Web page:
A team of scientists and engineers at UNSW Sydney, Griffith University and University of Technology Sydney, in partnership with seven leading US institutions, has launched a new project to develop an unprecedented capability in quantum computing: a “noise-cancelling headphone” for quantum computers, set to increase the stability of fragile quantum building blocks, or qubits.
“Developing quantum computing technology is challenging – quantum information is extremely fragile,” says Professor Howard Wiseman, Director of the Centre for Quantum Dynamics at Griffith University.
Unlike classical computers, where digital data is stored in bits whose ‘0’ or ‘1’ value can be stored and manipulated very robustly, quantum computers encode information in delicate superposition states of quantum bits, or ‘qubits’.
There, the information can be processed with exponentially more computational power than in a classical computer, but it is also highly susceptible to any kind of environmental noise.
“To build a reliable quantum computer, we must shield the quantum bits from that noise in the environment,” Professor Wiseman says.
That’s the problem that the Australian group’s new project – set up by the Department of Defence’s Next Generation Technologies Fund, in scientific coordination with the U.S. Army Research Office – is trying to solve.
Specifically, the team is building the capacity to cancel noise around a ‘data qubit’ by detecting the noise on a ‘spectator qubit’ in its vicinity, and using advanced machine learning algorithms to adapt the controls that encode information in the data qubit.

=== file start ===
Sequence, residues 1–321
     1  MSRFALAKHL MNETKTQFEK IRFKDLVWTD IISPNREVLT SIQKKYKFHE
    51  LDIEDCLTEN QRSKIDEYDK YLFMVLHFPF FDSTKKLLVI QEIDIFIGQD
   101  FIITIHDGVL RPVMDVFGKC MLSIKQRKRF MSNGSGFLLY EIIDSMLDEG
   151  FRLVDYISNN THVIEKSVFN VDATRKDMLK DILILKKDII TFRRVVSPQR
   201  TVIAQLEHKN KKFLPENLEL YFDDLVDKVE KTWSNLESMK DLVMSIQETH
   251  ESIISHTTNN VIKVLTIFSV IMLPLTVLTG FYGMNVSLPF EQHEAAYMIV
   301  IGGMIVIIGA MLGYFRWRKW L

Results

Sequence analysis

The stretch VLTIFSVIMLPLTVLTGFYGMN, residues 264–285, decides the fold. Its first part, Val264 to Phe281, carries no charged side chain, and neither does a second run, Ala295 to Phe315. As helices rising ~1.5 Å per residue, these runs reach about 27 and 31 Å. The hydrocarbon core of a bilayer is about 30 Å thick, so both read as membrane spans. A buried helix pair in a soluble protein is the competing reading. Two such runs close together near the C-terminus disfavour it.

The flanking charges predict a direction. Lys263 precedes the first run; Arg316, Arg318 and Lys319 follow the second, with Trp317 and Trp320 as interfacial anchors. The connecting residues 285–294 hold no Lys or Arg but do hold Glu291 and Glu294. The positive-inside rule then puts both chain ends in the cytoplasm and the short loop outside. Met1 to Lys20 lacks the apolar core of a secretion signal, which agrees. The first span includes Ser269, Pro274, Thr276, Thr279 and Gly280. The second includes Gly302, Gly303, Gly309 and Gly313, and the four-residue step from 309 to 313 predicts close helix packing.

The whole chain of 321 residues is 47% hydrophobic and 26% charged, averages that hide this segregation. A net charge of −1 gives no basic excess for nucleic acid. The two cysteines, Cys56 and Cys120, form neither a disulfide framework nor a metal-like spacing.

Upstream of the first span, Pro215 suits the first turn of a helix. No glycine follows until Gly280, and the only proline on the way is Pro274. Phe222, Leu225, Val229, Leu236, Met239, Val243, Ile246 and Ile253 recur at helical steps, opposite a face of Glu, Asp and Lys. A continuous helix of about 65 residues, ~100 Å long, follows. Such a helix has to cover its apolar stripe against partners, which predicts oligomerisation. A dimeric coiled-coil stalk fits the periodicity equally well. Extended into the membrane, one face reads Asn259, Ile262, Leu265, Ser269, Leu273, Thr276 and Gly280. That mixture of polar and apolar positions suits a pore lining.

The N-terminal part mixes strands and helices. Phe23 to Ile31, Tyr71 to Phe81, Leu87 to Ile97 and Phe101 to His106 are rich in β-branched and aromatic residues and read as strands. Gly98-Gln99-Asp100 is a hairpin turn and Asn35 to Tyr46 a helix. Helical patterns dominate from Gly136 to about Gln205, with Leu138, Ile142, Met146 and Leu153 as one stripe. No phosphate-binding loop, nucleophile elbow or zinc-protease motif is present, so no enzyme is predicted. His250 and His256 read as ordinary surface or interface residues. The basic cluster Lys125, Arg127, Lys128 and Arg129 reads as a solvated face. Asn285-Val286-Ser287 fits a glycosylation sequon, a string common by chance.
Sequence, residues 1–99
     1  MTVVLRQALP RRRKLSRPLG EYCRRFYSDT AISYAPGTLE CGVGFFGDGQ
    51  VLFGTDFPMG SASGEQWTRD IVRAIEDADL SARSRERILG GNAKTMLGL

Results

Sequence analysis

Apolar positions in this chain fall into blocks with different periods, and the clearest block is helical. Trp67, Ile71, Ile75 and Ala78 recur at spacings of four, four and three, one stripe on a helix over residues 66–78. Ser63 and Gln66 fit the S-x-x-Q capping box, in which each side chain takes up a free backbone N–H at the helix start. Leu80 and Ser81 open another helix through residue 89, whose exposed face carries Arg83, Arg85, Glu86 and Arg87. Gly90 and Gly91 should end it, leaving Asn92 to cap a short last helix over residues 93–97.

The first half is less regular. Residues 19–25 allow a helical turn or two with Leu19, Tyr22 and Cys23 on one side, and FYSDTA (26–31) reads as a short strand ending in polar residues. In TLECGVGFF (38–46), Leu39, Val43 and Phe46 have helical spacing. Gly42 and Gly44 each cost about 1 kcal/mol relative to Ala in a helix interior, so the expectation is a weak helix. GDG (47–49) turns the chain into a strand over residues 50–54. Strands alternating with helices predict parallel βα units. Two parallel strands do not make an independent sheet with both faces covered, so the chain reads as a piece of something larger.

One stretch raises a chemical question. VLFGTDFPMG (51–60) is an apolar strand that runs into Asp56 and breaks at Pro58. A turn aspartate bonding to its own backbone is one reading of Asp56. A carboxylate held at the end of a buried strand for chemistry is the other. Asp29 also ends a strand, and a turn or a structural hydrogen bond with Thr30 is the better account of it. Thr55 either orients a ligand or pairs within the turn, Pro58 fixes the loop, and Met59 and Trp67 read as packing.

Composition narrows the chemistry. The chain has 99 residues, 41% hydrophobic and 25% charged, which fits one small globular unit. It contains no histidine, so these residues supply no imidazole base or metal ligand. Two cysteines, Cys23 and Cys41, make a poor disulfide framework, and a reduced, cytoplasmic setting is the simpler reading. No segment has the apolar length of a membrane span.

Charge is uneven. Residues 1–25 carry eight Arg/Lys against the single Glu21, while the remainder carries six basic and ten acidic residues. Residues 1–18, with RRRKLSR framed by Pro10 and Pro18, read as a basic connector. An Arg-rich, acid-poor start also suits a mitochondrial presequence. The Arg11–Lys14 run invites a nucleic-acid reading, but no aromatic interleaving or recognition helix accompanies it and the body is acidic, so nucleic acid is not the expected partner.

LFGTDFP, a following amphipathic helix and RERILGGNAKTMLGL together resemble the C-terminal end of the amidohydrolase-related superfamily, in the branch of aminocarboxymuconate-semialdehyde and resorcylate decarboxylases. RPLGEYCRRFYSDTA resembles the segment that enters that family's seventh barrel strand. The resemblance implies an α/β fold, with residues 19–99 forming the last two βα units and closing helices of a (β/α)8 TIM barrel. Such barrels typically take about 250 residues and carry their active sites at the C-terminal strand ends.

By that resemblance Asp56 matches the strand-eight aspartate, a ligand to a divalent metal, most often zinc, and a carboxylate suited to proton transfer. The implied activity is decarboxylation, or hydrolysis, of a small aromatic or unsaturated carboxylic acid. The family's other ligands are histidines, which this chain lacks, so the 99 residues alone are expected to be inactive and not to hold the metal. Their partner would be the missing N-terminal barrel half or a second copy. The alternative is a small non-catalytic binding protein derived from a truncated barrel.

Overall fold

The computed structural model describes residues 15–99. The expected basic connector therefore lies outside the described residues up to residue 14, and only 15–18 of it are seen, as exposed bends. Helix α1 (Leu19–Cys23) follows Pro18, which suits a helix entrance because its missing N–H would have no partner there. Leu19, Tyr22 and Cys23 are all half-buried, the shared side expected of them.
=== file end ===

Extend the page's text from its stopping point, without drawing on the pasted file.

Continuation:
“Our expertise is in building single-atom quantum bits in silicon,” says Andrea Morello, Scientia Professor of Quantum Engineering at UNSW Sydney and one of the leaders of the project. Morello’s team was the first in the world to encode quantum information in a silicon chip.
“Until now we have used phosphorus as the data qubit, since it is the simplest atom to use in silicon. But our technology, based on ion implantation, allows us to choose from many other types of atoms, some of which are more sensitive to noise. The other atom will act like a ‘spectator in the theatre’, or like the microphone in a noise-cancelling headphone,” he says.
The information about the noise, picked up by the ‘spectator qubit’, needs to be processed in real time in order to feed the ‘data qubit’ with a signal that cancels out the effect of the noise.
“We will develop theoretical methods to analyse and process the noise around the quantum bits,” says Dr Gerardo Paz-Silva of Griffith University, recipient of a Discovery Early Career Award of the Australian Research Council, and leader of the overall project.
“This needs to be done very efficiently, because extracting information out of quantum systems is itself a delicate process.”
To ‘close the loop’ in the system, the consortium includes a team of leading researcher in quantum machine learning, based at University of Technology Sydney. Dr Chris Ferrie, the group leader at UTS, says machine learning is ideally suited to make on-the-flight decisions on how best to counteract the noise that risks destroying the information on the data qubit.
“The data-spectator qubit system is a very challenging testbed for our algorithms. What we will develop for this application is likely to have broad impact even outside of quantum computing, for instance for advanced tasks in defence and data analytics.”
“This project has the potential to deliver a breakthrough in quantum technologies which will lead to important applications in Defence and beyond,” says Chief Defence Scientist Professor Tanya Monro.
“This is a great example of how Defence can facilitate international research projects that harness excellence in research in Australia and create a pathway to impact from new discoveries.”
The development of quantum computer is likely to be one of the most transformative technologies of the 21st century, with impact ranging from data security, complex optimization problems, chemistry and pharmaceutics.
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